Dr. Angelina Riopel, ND
“Should I take a calcium supplement for my bones?”
This is a very common question asked. It has long been believed that a calcium supplementation is necessary to keep bones strong and prevent degenerative bone diseases such as osteoporosis.
Truth: Studies have found that calcium supplementation has NOT been found to prevent nor correct bone loss or reduce bone fracture rates. Not only has calcium supplementation not been found helpful to bone health, it has been found harmful and related to an increase in coronary artery disease. A study published in the British Medical Journal in 2012 found a 139% percent greater risk of heart attack in those who took calcium supplements over the 11 year period in which the study was conducted, while calcium intake through food did not increase the risk.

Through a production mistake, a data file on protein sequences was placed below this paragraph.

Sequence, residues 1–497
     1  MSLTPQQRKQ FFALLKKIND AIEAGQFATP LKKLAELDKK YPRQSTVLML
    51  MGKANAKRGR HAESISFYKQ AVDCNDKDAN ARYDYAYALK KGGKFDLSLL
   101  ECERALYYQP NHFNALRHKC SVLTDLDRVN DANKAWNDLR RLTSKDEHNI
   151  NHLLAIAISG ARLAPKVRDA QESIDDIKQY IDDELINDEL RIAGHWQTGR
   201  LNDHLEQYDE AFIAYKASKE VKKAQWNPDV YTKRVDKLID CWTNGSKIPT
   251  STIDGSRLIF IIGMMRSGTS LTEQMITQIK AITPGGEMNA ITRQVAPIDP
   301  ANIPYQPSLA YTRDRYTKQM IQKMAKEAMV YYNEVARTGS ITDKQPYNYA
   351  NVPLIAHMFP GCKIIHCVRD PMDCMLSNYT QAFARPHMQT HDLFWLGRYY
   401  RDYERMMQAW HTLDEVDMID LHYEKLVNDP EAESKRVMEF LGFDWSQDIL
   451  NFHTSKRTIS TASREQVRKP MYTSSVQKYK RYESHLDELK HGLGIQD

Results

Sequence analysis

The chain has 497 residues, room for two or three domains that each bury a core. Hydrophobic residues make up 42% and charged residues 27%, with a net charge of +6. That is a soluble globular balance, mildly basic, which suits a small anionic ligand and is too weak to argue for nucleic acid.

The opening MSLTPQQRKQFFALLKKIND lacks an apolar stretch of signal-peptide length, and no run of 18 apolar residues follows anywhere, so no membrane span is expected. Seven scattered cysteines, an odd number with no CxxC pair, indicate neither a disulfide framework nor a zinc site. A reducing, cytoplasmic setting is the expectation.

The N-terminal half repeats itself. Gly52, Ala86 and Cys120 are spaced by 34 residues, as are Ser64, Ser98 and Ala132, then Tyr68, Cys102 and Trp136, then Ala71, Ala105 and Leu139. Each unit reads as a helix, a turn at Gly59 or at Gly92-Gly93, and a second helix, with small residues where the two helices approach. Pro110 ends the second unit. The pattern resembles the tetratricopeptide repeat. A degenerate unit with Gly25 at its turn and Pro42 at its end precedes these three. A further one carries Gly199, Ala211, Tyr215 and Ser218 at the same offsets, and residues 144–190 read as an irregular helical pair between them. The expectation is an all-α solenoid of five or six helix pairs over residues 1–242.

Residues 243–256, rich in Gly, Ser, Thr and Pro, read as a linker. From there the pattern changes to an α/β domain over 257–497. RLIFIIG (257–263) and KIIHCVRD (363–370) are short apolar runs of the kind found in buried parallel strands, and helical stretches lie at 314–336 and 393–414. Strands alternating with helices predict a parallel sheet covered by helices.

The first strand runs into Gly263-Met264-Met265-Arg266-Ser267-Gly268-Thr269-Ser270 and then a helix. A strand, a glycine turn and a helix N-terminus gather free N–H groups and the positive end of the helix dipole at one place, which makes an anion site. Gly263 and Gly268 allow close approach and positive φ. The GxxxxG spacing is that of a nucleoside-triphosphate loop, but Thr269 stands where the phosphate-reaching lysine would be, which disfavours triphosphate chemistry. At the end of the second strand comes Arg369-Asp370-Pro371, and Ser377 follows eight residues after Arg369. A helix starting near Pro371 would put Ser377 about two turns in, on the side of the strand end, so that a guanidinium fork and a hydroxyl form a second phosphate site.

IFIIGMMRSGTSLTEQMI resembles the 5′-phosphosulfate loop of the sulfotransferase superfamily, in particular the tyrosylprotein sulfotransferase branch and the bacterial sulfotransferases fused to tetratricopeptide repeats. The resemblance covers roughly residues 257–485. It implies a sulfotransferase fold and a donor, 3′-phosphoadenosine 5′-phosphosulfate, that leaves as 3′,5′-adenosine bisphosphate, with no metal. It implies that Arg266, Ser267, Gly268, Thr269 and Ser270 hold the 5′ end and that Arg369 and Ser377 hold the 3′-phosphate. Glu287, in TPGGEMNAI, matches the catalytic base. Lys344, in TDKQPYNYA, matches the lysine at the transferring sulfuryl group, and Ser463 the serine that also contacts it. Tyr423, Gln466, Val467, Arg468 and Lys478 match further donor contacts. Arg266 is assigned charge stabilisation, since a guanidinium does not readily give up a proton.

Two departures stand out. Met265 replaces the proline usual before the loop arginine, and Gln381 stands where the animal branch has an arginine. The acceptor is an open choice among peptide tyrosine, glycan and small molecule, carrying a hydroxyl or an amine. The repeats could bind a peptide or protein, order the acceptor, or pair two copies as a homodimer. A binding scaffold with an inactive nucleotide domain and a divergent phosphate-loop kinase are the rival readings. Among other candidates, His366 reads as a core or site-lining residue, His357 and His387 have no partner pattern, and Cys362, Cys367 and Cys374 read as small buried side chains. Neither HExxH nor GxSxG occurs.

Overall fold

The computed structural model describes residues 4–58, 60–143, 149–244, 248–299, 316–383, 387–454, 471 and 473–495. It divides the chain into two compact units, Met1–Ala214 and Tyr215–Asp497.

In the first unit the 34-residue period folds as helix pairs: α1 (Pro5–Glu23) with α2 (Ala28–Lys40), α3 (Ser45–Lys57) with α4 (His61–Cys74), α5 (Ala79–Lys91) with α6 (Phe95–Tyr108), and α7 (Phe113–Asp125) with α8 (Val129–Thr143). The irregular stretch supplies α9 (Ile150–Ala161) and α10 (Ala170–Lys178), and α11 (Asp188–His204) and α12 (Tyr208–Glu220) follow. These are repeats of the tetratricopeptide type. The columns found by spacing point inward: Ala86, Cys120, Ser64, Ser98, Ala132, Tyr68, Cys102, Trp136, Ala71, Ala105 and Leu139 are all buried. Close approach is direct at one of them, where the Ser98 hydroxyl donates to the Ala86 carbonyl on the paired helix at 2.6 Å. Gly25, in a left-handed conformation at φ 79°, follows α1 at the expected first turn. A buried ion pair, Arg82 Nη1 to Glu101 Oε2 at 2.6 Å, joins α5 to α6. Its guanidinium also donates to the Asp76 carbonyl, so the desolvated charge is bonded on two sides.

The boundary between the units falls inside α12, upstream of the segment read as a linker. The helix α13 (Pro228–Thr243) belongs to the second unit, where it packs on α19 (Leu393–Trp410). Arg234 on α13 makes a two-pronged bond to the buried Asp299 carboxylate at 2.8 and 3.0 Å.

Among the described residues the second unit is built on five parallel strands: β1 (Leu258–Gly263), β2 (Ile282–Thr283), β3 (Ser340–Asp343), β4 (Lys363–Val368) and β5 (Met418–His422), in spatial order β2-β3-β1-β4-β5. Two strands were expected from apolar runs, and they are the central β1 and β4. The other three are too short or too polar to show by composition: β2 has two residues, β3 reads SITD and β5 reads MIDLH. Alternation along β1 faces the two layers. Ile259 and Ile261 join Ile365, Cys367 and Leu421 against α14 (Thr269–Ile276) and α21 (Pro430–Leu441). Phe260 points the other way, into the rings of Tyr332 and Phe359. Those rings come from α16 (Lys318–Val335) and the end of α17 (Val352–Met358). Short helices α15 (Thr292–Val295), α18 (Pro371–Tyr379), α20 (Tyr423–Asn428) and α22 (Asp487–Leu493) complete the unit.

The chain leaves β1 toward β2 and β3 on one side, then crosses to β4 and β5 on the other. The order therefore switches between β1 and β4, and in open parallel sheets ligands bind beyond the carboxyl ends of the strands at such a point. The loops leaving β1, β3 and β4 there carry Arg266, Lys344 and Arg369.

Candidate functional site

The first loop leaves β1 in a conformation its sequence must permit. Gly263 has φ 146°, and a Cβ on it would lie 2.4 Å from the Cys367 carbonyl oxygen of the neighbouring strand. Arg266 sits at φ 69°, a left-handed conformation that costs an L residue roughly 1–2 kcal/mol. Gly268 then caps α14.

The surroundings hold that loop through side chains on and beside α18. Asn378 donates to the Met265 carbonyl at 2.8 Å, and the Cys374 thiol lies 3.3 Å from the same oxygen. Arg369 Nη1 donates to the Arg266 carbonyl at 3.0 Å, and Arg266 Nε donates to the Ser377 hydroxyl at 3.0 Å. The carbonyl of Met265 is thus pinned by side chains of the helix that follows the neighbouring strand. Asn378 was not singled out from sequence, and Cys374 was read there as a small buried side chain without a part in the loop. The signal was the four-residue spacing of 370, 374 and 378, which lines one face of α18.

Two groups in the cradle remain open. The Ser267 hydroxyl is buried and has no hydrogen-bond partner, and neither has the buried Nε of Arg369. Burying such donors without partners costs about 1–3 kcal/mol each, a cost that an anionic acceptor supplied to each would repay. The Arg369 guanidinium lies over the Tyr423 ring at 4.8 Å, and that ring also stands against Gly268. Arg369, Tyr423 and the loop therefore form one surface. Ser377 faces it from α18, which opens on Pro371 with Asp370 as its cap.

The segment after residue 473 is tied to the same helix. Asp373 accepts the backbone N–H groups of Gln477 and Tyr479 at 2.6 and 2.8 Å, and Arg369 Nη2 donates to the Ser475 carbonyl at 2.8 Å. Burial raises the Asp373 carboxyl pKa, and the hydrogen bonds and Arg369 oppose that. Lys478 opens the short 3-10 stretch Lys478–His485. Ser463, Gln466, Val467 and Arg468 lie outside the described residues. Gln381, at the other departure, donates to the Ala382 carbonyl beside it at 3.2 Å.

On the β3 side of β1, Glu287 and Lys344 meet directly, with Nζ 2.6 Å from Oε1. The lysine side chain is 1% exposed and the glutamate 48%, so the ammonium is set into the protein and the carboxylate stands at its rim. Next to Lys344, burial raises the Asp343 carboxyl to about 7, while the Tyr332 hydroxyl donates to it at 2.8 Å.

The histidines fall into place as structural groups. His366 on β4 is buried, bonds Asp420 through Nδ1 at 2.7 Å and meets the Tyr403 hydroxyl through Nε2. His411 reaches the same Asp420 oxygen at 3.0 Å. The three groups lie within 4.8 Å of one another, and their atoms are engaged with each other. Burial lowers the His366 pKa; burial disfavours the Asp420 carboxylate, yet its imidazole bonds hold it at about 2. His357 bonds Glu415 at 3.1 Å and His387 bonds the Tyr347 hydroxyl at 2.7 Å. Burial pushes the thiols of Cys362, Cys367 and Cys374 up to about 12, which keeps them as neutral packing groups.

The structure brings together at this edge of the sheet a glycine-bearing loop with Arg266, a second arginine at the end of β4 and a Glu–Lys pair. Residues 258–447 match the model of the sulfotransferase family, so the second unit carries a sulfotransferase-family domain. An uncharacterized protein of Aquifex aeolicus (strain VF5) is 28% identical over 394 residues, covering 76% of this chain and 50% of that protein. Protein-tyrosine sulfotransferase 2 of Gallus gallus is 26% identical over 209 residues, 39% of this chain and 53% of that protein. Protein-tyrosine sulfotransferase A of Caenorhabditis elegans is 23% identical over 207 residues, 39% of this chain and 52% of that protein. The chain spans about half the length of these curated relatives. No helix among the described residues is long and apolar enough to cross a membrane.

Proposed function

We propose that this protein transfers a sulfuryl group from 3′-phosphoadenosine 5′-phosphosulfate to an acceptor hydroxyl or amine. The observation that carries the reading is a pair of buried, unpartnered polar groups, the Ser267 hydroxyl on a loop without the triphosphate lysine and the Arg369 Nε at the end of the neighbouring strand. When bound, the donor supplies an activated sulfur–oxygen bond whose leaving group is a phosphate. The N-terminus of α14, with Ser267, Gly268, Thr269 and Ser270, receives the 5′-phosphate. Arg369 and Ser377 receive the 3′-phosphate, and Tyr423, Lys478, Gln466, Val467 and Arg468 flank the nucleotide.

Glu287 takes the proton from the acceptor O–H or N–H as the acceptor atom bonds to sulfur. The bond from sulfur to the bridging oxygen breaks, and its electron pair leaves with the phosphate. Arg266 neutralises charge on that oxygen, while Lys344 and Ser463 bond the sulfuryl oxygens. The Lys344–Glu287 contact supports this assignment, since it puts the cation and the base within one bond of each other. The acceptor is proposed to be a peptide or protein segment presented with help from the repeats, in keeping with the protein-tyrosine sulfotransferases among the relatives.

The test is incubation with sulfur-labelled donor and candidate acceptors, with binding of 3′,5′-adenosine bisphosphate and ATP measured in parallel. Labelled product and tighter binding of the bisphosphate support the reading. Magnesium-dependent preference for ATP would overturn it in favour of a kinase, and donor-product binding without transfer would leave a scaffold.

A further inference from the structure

The problem being that supplemental calcium, taken as a tablet or in a multivitamin or in calcium enriched packaged foods, is often a large dose but the body is only able to absorb a small amount of the calcium blast and the rest must be eliminated through the kidneys. Often the body isn’t able to fully eliminate it and over time calcium builds up and gets stored, not in the bones, but in the tissues and arteries or can lead to calcium stones in the kidneys.
Solution: Calcium is best absorbed in whole food form, not supplementation. […]